“This job is a little different because it places a lot of the responsibility on one pilot,” he said. “In the military, you have two guys that operate the helicopter; one that’s actually on the controls and the other one, that’s providing assistance in monitoring systems, copying down frequencies, et cetera. If one individual gets tired or wants to switch off, the other pilot takes control. In this role, we fly single-pilot, day and night NVG [night vision goggles] operations, which means that one pilot is on the controls and we do not have the benefit of a second pilot.”
Medical crew members work a 24-hour shift and pilots work a 12-hour shift. Bases are equipped with a kitchen an sleeping quarters for all crew members.
On a typical day, the team responds to three to five emergency transport calls. A recent shift for Figueroa, McCormick and Browning was typical.
The day started with a morning flight from Base 6 to French Creek Elementary School, where the crew provided a safety class for school children. The crew instructed the students on a variety of safety topics, including bicycle and ATV safety. The excited youngsters got a tour of the aircraft and Figueroa explained the function of the different parts of the helicopter.
Prior to the conclusion of the safety class, the crew was alerted to respond to the scene of a traffic accident in Buckhannon. Ten minutes later, the helicopter landed at a pre-designated landing zone along Corridor H, where ground emergency responders transferred a patient to the air crew.
Twenty-five minutes prior, the patient, a female in her 20s, had been involved in a traffic accident, sustaining serious injuries. McCormick and Browning quickly loaded the patient through the rear clamshell doors and the chopper departed for Morgantown.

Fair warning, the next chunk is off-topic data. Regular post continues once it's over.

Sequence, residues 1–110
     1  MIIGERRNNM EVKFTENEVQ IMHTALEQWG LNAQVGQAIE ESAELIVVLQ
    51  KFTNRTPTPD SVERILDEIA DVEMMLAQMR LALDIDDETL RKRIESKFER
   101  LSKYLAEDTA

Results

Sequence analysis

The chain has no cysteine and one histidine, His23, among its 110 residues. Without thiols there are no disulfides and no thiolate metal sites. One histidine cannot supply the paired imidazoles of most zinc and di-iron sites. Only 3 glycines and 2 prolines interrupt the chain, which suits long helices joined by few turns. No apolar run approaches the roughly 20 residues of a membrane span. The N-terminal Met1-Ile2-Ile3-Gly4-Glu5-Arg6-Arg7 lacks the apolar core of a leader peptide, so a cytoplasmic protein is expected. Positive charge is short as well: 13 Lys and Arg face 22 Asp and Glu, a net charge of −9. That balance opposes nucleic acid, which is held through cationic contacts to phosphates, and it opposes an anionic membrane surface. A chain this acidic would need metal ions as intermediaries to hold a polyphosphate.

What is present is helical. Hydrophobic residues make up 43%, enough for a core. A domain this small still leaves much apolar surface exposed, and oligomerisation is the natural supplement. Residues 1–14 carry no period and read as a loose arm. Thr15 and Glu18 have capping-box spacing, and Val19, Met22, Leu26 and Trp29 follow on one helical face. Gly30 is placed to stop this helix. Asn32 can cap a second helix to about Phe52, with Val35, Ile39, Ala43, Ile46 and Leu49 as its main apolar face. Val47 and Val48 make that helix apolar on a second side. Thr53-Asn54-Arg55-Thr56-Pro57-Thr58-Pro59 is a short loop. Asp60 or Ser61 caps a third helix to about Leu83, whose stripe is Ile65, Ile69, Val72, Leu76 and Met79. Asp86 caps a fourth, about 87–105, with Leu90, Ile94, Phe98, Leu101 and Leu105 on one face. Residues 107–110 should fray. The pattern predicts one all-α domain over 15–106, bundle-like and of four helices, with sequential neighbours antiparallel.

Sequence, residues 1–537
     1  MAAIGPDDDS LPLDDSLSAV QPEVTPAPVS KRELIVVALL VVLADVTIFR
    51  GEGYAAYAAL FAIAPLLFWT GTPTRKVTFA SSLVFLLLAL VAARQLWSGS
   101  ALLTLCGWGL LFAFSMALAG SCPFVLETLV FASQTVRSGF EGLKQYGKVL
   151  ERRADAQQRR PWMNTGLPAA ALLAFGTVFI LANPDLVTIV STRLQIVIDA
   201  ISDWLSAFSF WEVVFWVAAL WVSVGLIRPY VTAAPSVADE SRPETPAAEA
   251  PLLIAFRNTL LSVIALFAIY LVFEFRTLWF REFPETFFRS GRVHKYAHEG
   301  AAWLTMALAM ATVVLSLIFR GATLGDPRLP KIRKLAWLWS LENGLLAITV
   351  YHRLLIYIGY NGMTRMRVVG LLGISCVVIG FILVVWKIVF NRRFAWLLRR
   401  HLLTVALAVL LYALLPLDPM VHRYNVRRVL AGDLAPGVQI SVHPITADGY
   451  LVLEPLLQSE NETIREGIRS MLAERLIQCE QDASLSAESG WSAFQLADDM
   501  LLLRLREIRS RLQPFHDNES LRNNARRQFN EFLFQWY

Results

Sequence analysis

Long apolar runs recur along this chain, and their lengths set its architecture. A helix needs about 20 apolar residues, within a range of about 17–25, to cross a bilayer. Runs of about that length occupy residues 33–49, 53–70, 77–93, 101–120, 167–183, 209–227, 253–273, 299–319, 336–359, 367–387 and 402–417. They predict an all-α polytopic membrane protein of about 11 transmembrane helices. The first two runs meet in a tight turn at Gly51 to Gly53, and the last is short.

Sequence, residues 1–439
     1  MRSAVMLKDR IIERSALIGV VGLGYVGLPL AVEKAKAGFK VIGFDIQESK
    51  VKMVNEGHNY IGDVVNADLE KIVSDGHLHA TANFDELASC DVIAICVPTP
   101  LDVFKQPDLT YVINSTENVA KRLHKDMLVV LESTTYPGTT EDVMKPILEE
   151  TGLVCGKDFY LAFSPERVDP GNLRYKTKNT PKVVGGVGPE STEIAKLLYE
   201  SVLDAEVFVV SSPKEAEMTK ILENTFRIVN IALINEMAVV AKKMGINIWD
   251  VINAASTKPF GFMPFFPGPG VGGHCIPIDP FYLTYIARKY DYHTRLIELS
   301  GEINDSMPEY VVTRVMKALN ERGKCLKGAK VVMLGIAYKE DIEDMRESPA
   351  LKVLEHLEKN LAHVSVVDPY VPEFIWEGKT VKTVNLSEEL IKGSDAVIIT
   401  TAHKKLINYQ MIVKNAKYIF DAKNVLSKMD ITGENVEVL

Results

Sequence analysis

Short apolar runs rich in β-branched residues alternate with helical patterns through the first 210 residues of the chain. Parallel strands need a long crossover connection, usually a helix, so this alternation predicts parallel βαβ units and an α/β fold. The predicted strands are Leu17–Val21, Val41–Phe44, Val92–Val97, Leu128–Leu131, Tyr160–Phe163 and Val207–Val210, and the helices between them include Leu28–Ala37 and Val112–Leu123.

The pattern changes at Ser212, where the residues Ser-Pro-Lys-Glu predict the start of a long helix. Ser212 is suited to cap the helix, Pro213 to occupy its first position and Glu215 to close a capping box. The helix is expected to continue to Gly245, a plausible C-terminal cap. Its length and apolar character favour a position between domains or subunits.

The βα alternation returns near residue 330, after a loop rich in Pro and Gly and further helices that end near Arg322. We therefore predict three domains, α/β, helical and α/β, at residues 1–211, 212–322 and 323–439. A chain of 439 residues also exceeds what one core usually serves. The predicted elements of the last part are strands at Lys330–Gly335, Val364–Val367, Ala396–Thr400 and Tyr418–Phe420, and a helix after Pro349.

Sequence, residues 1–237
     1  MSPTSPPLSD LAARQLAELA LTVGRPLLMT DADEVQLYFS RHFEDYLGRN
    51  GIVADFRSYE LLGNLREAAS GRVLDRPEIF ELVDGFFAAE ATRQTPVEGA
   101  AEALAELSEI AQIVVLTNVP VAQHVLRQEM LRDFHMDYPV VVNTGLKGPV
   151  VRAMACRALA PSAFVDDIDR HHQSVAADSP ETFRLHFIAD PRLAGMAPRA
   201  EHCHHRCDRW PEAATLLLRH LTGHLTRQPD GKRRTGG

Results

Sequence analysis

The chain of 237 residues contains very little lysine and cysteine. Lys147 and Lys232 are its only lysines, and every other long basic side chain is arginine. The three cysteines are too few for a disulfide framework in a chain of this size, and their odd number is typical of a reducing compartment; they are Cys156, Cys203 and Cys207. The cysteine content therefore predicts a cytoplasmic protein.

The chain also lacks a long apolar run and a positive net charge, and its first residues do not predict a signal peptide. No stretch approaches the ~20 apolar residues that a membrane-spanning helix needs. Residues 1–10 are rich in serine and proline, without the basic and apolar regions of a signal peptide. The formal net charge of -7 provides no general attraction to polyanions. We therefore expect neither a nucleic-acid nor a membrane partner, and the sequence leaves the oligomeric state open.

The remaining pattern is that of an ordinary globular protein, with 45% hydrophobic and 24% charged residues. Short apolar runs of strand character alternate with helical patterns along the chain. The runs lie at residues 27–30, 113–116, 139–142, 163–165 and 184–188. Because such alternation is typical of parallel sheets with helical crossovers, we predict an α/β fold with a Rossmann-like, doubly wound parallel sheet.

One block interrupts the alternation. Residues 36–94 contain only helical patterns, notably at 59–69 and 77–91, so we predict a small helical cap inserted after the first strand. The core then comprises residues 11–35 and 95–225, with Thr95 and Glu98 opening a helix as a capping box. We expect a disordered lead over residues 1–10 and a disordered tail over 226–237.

Twenty-five minutes later, the helicopter landed on the helipad at Ruby Memorial Hospital and the patient was whisked away by hospital staff. The air medevac crew delivered the patient within the golden hour – an impossible task by ground. Fortunately, the girl’s injuries were not considered life-threatening.
After re-fueling at the HNA base in Morgantown, the crew departed for Base 6. Before arriving back at base, the crew was alerted to another emergency call. Some days, like this one, the calls come one after another. Other days, the crew gets a break between calls. A few days, due to inclement weather or a lack of emergencies, the crew will receive no calls in a 24-hour shift.
“During the peak time of the year, which is the spring, summertime and early fall, we average three flights per day and two flights per night,” said Figueroa. “That can increase or decrease, but normally, we stay very busy.”
Figueroa wanted to send a message to his military colleagues in harm’s way.
“Be safe out there,” he said. “We’re thinking of you. We love you. We also want to give a shout out to the families who are home, waiting for our soldiers to come home. God bless you all. We’re praying for you. We wish you to return safely to us.”